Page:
Open Access

Hyperbaric oxygen therapy in overweight and obese patients with COVID‑19

  • Authors:
    • José Alfredo Gonzalez‑Ramirez
    • Julio C. Ramírez‑Nava
    • Sonia Gonzalez‑Lopez
    • Bettina Sommer
    • Héctor Solís‑Chagoyán
    • Luis M. Montaño
    • Bianca S. Romero‑Martínez
    • Edgar Flores‑Soto
  • View Affiliations

  • Published online on: October 12, 2021
  • Article Number: 61
  • Copyright: © Gonzalez‑Ramirez et al. This is an open access article distributed under the terms of Creative Commons Attribution License.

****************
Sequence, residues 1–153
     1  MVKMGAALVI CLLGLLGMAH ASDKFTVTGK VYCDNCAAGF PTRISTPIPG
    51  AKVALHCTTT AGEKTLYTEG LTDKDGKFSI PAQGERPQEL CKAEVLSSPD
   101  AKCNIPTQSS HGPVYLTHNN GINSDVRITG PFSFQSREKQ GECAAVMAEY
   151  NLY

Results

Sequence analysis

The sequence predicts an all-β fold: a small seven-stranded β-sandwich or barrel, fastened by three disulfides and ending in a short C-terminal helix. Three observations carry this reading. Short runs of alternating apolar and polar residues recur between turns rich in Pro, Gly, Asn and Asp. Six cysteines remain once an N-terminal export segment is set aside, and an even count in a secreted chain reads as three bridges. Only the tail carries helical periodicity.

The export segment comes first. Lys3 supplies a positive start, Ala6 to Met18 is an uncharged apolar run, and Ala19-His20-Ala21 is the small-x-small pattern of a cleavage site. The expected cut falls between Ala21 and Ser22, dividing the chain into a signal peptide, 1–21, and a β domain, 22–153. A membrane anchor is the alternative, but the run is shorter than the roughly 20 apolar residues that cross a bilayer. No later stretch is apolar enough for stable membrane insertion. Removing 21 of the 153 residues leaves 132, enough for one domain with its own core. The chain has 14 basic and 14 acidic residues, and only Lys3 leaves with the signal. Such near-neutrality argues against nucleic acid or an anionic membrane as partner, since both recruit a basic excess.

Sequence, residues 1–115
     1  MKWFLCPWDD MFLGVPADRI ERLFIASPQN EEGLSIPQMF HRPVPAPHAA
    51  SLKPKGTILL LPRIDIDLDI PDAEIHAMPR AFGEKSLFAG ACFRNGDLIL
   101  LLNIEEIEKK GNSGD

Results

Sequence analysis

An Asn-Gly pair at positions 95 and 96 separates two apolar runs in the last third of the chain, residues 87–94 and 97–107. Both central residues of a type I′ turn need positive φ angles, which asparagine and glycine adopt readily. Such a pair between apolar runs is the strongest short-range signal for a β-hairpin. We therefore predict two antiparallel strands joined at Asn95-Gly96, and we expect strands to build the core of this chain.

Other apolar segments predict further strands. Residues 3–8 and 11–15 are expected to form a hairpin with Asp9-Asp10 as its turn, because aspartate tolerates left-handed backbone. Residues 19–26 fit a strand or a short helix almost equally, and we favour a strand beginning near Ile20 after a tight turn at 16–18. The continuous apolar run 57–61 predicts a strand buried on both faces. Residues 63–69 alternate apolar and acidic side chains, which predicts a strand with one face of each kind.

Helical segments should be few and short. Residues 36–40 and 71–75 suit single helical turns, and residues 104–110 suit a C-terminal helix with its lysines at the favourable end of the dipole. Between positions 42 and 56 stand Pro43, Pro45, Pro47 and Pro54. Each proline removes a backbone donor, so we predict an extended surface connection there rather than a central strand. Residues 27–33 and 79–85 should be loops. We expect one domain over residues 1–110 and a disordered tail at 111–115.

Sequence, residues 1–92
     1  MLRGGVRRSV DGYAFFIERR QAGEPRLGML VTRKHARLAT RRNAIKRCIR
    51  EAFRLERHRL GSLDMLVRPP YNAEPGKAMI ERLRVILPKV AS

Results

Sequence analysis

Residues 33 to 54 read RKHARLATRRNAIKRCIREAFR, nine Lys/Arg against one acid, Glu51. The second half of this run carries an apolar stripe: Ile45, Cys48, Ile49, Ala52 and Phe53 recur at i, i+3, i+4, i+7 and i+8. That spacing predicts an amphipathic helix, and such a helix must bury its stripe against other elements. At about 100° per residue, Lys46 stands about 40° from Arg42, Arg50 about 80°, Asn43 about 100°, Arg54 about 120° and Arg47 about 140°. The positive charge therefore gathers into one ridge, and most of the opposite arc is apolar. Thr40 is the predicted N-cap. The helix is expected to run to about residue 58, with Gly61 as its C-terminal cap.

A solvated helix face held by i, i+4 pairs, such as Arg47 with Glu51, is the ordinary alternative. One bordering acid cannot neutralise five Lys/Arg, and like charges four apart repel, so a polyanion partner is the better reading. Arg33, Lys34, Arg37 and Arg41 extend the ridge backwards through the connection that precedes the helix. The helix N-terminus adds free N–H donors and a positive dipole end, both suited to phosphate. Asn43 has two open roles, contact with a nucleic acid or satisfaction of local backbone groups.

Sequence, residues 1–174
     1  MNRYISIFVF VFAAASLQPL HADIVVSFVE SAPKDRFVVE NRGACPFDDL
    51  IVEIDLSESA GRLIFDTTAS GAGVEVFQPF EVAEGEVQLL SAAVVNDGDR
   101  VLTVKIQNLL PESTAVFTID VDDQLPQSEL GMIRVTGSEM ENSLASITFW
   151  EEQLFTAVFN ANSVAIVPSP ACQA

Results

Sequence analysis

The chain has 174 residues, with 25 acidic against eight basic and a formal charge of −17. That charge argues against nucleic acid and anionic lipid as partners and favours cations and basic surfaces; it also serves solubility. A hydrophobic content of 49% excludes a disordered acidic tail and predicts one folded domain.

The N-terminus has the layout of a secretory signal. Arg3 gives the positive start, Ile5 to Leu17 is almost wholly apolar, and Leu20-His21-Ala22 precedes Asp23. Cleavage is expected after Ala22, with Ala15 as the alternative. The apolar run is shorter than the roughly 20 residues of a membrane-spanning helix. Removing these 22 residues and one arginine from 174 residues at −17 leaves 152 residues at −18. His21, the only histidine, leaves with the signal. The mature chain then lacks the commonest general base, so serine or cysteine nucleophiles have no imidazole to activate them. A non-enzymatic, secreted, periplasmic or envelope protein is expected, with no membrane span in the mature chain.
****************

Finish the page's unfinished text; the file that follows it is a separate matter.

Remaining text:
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Currently, the global healthcare system is facing a crisis caused by coronavirus disease 2019 (COVID‑19), with a significant number of patients requiring supportive care, particularly to fulfill their respiratory requirements. The current oxygen delivery systems may fail to meet the needs of certain patients or are associated with the appearance of sequelae following their use, such as in cases receiving invasive mechanical ventilation. Hyperbaric oxygen therapy (HBOT) poses an attractive alternative to the current oxygen delivery systems available for patients with COVID‑19. HBOT has been previously used in various types of infectious diseases, providing inflammatory relief and facilitating the reversal of hypoxemia, qualities that may also prove beneficial to patients with COVID‑19. At present, a significant proportion of the population worldwide is overweight or obese, and these comorbidities are considered to increase the severity of COVID‑19 symptoms. The present study aimed to investigate whether HBOT may benefit a representative sample of this aforementioned population (n=36 patients). After the first HBOT session, 7 patients were immediately relieved from shortness of breath, while in 22 patients, this symptom was markedly alleviated after 7.57±0.63 days of HBOT. Moreover, the remaining patients (n=7) had a slow breath recovery after performing activity, suggesting that they should continue HBOT. On the whole, the present study demonstrates that daily HBOT for 7.57±0.63 days improved COVID‑19 symptoms in over half of the enrolled patients, indicating that it may be a useful alternative in the treatment of this illness.
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